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Wollongong’s fight to build a one-stop centre for domestic violence survivors

November 25 2020

Wollongong’s fight to build a one-stop centre for domestic violence survivors

Illawarra Women's Health Centre general manager Sally Stevenson urges support for a women's trauma recovery centre. Photos: Adam McLean

 Illawarra Women’s Health Centre general manager Sally Stevenson urges support for a women’s trauma recovery centre. Photos: Adam McLean

“When I first met the man who was to become my husband I never imagined the trajectory that would lead to my facing homelessness, fearing for my life, fearing for my children’s safety, financial abuse and persistent harassment,” she said.

The Wollongong mother-of-two is one of 10 women who feature in the Resistance, Resilience, Recovery exhibition which was launched at Project Contemporary Artspace on Wednesday.

The Resistance, Resilience, Recovery exhibition launch at Wollongong's Project Contemporary Artspace. Photos: Adam McLean

It’s part of the Illawarra Women’s Health Centre’s campaign to establish an Illawarra Women’s Trauma Recovery Centre – a one-stop-shop providing holistic, and free, health, legal and psychosocial services for women escaping violence.

While there are primary prevention programs and crisis intervention services, this will be an Australian-first centre which will address the ongoing impact of trauma – and may become a blueprint for the rest of the nation.

For women like Melissa, it would mean having all the services required in the one place – and not having to tell their story multiple times.

“What became glaringly obvious to me is many of the interventions were short term, not integrative and required a lot of jumping through hoops to access,” she said. “This only added to my burden at a time of extreme stress.

One of the subjects of the exhibition Melissa Edwards shares her personal story with the crowd at the launch. Pictures: Adam McLean.

 One of the subjects of the exhibition Melissa Edwards shares her personal story with the crowd at the launch. Pictures: Adam McLean.

“Domestic violence does not stop when you flee or the perpetrator is made to leave the family home. This (can be) the most dangerous time.”IN FOCUS:

The Illawarra Women’s Health Centre is using a $50,000 NSW Government grant to establish a design for the centre. However it is estimated it will cost $10 million to build and run for the first three years.

At Wednesday’s launch women’s health centre general manager Sally Stevenson paid thanks to the women who participated in the exhibition.

“Your stories are so powerful in and of themselves, but they also represent the 2.2 million women across Australia who have experienced domestic violence,” she said.

“Can we just speak of the trauma that sits in your bodies for years, for decades, manifesting in higher rates of disease and illness.

“The images speak of the trauma in your minds that sits there for years, sometimes a lifetime, that results in high levels of depression, anxiety and suicidality. And yet they also speak of your power, of women as the great protectors.”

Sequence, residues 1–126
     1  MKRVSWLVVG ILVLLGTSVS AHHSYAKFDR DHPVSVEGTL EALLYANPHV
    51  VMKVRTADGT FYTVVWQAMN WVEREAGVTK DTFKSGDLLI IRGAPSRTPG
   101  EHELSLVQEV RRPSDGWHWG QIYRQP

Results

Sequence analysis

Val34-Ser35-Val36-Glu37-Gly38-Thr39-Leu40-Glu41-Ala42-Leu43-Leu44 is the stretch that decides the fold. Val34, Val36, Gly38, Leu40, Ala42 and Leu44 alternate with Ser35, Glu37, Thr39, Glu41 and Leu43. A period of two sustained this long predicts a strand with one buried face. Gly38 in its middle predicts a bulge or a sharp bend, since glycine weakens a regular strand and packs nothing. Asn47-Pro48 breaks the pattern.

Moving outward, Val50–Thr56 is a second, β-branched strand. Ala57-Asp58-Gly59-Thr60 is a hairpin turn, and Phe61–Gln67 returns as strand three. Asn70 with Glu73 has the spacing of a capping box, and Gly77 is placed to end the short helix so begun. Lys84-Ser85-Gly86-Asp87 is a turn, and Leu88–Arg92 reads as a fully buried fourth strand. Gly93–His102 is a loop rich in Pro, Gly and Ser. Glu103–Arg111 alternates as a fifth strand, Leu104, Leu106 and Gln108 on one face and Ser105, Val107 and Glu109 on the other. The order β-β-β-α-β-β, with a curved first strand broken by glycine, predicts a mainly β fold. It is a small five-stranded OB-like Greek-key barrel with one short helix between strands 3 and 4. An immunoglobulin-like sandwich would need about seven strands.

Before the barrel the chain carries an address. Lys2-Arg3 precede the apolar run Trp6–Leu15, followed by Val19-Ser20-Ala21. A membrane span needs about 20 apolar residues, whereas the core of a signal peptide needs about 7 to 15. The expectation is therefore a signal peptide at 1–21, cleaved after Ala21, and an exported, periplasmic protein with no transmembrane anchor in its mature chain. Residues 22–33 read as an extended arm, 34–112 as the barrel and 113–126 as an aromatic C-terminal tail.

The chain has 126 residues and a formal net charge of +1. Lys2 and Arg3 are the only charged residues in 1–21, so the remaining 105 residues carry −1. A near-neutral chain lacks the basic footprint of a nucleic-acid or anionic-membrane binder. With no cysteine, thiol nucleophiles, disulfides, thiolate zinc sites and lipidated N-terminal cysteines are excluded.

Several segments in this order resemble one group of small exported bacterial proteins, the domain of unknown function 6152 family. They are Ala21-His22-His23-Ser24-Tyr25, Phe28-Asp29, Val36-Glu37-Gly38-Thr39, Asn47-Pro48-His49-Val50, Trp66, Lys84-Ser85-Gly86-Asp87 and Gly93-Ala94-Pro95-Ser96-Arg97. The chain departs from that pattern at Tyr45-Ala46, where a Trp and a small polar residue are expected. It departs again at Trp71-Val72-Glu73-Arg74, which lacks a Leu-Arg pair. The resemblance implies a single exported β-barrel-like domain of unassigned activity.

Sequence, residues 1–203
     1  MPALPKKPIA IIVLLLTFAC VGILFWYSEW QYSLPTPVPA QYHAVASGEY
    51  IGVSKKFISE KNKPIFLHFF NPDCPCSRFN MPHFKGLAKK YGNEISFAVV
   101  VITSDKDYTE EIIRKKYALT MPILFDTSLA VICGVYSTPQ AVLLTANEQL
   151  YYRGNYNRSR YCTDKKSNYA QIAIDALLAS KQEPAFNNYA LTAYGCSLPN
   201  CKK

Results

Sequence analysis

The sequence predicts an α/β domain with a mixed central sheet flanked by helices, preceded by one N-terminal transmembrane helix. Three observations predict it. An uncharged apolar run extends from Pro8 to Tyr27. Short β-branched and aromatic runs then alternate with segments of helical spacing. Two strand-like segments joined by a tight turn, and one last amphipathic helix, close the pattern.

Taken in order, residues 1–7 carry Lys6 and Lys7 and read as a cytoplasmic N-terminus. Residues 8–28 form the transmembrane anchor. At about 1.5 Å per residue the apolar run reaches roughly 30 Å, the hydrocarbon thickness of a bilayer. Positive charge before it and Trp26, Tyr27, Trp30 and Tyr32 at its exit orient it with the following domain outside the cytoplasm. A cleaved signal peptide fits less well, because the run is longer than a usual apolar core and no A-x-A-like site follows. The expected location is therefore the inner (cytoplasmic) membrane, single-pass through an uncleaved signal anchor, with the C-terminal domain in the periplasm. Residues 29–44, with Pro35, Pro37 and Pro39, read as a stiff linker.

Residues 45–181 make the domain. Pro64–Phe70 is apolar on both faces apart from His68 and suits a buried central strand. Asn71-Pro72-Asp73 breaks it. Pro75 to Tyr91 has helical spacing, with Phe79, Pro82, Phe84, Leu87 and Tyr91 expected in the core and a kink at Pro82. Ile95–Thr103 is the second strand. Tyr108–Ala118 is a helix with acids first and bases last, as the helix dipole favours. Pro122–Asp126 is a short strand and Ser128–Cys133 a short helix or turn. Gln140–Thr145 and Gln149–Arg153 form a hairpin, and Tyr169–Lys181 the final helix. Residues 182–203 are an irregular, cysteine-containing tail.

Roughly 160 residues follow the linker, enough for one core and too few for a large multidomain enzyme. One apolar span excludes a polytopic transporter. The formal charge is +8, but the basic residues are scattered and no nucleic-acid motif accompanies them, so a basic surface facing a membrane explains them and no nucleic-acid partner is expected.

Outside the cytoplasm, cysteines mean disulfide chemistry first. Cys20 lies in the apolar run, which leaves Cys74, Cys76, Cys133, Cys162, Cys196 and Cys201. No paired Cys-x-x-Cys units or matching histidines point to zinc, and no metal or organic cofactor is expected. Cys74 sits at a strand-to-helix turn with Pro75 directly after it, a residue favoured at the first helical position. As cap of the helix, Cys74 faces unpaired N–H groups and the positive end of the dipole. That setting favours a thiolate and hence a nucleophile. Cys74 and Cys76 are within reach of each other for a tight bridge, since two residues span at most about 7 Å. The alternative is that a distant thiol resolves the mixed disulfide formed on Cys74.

Wednesday was also the International Day for the Elimination of Violence Against Women, and marked day one of 16 days of activism against gender-based violence, which culminates in Human Rights Day on December 10.

In Australia, on average, one woman a week is murdered by her current or former partner. Hospitalisation rates due to domestic and family violence have risen by 30 per cent over the last 14 years.

 “Your stories are so powerful”: Sally Stevenson.

In 2020, the COVID-19 pandemic has drastically increased demand Ms Stevenson said.

“We as a community do not protect you and the very blunt truth of that is what we hear every single week – that another women has been murdered by her intimate partner,” she said.

“If we do not protect women and children at the very least we have the ethical and moral responsibility to provide a place for therm to recover and to heal.

“That’s why we are calling on our community to establish the women’s trauma recovery centre.”

A travelling exhibition to support trauma recovery centre

The Resistance. Resilience. Recovery. exhibition will be open for public viewing in Wollongong until Sunday.

The exhibition of images from the Illawarra Mercury’s award-winning photographer Sylvia Liber of domestic and family violence survivors is on display at Wollongong’s Project Contemporary Artspace in Keira St. After the week in Wollongong the exhibition will move south to Shellharbour.

The exhibition will be open to the public in the Imaginarium in the Shellharbour Village from December 7-12. It will then move to feature at Stockland Shellharbour in January.

The Resistance. Resilience. Recovery. exhibition is a collaboration between the Illawarra Women’s Health Centre, Domestic Violence NSW, the Waples Marketing Group and the Illawarra Mercury.

It is part of a call to action to establish an Australian-first Women’s Trauma Recovery Centre.

HOW TO HELP

You can support by using the #VoicesForChange hashtag or visit womenstraumacentre.wordpress.com for more direct action options.

 

 

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